A recent article in the Guardian newspaper highlighted the impact of meat consumption on greenhouse gas emissions with a suggestion that meat could be taxed.
Meat should be taxed to encourage people to eat less of it, so reducing the production of global warming gases from sheep, cattle and goats, according to a group of scientists. Several high-profile figures, from the chief of the UN’s climate science panel to the economist Lord Stern, have previously advocated eating less meat to tackle global warming.
The scientists’ analysis, published in the journal Nature Climate Change, takes the contentious step of suggesting methane emissions be cut by pushing up the price of meat through a tax or emissions trading scheme.
“Influencing human behaviour is one of the most challenging aspects of any large-scale policy, and it is unlikely that a large-scale dietary change will happen voluntarily without incentives,” they say. “Implementing a tax or emission trading scheme on livestock’s greenhouse gas emissions could be an economically sound policy that would modify consumer prices and affect consumption patterns.”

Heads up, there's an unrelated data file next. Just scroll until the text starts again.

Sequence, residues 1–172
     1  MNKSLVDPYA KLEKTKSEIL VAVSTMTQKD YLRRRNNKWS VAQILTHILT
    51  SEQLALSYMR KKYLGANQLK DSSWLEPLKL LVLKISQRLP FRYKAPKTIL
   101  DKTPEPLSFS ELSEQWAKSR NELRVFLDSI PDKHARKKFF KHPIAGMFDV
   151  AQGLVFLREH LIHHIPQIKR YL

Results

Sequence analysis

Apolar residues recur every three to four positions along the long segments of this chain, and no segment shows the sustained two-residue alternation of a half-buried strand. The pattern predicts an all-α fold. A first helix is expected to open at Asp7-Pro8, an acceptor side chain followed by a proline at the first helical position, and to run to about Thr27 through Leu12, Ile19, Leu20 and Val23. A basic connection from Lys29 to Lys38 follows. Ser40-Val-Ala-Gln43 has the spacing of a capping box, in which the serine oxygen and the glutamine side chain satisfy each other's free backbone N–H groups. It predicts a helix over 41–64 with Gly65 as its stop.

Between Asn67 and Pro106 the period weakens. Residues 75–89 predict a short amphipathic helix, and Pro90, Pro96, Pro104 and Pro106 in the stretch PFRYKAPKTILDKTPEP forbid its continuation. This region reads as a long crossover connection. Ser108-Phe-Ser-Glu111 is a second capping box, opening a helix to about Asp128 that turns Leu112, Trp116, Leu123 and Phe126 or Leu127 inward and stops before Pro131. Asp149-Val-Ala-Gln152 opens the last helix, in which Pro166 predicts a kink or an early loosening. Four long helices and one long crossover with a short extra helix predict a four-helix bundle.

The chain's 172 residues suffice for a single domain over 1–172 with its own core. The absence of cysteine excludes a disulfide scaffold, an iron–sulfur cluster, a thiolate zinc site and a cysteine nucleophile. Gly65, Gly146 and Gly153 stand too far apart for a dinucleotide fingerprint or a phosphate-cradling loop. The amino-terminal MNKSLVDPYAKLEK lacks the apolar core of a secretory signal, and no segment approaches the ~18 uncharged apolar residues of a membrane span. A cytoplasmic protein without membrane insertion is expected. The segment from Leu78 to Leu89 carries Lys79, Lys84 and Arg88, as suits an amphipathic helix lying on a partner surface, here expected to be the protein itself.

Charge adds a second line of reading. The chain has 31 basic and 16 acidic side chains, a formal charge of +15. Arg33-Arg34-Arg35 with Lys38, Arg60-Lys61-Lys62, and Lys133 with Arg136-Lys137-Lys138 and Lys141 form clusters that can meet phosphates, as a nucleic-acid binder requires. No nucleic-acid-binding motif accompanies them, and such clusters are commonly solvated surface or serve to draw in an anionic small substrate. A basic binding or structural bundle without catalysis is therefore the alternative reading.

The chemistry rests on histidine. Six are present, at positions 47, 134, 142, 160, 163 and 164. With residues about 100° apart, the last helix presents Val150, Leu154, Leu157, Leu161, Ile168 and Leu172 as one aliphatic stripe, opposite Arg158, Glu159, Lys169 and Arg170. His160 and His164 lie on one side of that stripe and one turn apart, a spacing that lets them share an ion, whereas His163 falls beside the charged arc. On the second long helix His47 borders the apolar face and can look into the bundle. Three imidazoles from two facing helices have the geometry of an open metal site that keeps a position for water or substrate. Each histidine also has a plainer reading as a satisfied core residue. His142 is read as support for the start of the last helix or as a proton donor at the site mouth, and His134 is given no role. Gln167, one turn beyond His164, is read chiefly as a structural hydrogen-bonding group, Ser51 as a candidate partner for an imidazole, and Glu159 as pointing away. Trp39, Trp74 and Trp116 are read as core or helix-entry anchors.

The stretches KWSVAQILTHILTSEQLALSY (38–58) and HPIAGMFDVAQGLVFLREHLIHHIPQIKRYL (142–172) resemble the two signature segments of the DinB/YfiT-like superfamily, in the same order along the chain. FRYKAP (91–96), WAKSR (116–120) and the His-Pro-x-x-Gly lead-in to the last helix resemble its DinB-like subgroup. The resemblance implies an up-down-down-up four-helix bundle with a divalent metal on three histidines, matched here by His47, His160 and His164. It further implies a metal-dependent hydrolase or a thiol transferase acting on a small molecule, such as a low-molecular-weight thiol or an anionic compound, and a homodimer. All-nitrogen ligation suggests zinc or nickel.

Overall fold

Comment The article raises some interesting questions about how we might deal with greenhouse gas emissions from meat consumption. It raises certain questions.
1) We need to look at the whole range of sources of emissions not focus on individual areas;
2) What is the most equitable method of cutting emissions? Taxes will impact more on lower income groups than higher income groups.
3) We also need to look at population levels – more people mean greater use of resources.
We have to adopt an approach which is holistic, equitable and sustainable.
Flying to Gatwick from Newquay results in the emission of 0.23 Metric tonnes per passenger.
A similar level of emissions come from:
350 trips of 2 miles each by car or;
Consuming 1,000 4 lb steaks.
Where do we cut and how?